While my friends in high school were musically interested in the latest pop and rock music of the mid-70s, I discovered Seiji Ozawa one Friday evening while channel surfing (across all 8 channels we had to choose from back then). Here was this exotic looking Japanese conductor leading the Boston Symphony Orchestra in a performance of Mahler’s 1st Symphony – it was my first time watching Ozawa, and my first listening to Mahler 1. It was transformative. Ozawa had long, flowing black hair (most conductors had white hair), wore a turtleneck shirt under his tuxedo jacket, wore beads around his neck, and waved his hands with more sweep and expression and romance than I had ever seen by any other conductor. Then after watching a while, I noticed something unusual – he had a music stand in front of him, and the score to the work was on the stand, but the score was shut and he never opened it. Now, many conductors would conduct from memory, not needing the score, but they would not have the music on the stand. Heck, they wouldn’t even have the stand – didn’t need it. But this little bit of theatricality added another layer of mystique to Ozawa’s performances. As I followed his career over the years, I saw that this was not a one-time thing. The orchestra librarian would walk out before each work, place the score on the stand, and make sure it was shut, showing just the cover. Ozawa was my first and most enduring classical music hero. To this day I want to grow up to be him.


And then, Carole King. Most casual fans know her from her singer-songwriter days in the 70s that started with “Tapestry”, the album that made her a superstar performer in her own right. But for many years before that album, she was a songwriter working in the Brill Building on Broadway in New York, churning out hits for solo acts and vocal groups of the 50s and 60s. She wrote most her of hits with Gerry Goffin (she the music, he the lyrics) including “Oh! Carol”, “Will You Still Love Me Tomorrow”, “The Loco-Motion”, “Take Good Care Of My Baby”, “Up On The Roof”, and “(You Make Me Feel Like A) Natural Woman”. Of course, I discovered her through the “Tapestry” album which sparked in me a desire to learn how to play pop-style piano. I was never going to be a classical pianist (didn’t have the discipline to practice) but I sat for hours and hours learning how to read and play chords from lead sheets so that I could accompany the singers in junior high and high school who would sing these songs. Another great page in my musical lesson book and another vinyl album nearly worn to dust.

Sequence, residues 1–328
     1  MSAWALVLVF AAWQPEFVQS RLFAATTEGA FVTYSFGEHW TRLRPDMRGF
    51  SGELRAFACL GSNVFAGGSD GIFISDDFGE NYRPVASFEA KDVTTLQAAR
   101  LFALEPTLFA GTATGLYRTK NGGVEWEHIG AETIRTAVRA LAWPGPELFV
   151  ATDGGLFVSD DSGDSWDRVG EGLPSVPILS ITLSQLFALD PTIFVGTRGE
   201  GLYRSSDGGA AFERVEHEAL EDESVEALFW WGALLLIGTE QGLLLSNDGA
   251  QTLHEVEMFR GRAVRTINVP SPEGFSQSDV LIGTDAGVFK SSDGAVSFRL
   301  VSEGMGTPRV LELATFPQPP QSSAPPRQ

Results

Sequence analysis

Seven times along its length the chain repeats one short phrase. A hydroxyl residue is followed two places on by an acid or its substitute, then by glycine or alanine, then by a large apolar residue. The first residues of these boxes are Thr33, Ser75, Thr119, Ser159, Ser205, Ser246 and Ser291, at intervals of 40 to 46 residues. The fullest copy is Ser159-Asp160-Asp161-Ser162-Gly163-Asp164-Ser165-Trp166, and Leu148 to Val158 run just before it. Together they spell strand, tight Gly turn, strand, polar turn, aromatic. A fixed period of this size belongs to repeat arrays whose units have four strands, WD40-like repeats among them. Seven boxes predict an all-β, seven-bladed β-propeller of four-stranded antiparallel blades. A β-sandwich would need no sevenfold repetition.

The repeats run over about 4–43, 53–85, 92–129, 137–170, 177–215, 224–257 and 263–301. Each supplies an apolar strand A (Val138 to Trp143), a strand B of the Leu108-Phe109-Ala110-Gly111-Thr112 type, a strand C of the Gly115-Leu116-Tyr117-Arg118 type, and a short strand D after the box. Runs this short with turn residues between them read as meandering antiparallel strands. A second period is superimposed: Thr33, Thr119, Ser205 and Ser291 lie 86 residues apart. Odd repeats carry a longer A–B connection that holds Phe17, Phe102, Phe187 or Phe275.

All of the music mentioned above was highlighted during the Kennedy Center ceremony, and though Cicely Tyson didn’t have any influence on my music choices in my life, during her part of the show, there was a stirring rendition of “Blessed Assurance” lead by CeCe Winans, Terrance Blanchard, and a student choir from Ms. Tyson’s own performing and fine arts public school.

The music throughout the night brought people to their feet and brought tears of joy to many (President Obama and myself included). I’ve often said that music is the closest thing to actual magic that there is on earth. Think about it – organized sound (with or without words to accompany) floating unseen through the air, has the ability to stir memory, arouse emotion, and build a lump in the throat.

I have been privileged for many, many years to make music and to receive music in  my life, both as a student and as a professional.

May 2016, and for many years beyond, bring you the gladness, the jubilance, and the delight of music in your lives.

2 thoughts on “The Power of Music

  1. Thanks for another steller post. I love music as well and it is a big part of my being, whether I am listening to it or playing or singing along with my music on my iPone or other playback device. It is so powerful that we can’t even comprehend how it helps us to: remember our past experiences, make us either happy or sad and even makes us feel good inside. As a blind person I can’t just listen to music but listen to it in a way, where I pick apart what I am hearing. Even to the point of how the drums are tuned. Thanks again for a great post and happy new year and to all who are working on The Simpsons.

Leave a Reply

Fill in your details below or click an icon to log in: Logo

You are commenting using your account. Log Out /  Change )

Google photo

You are commenting using your Google account. Log Out /  Change )

Twitter picture

You are commenting using your Twitter account. Log Out /  Change )

Facebook photo

You are commenting using your Facebook account. Log Out /  Change )

Connecting to %s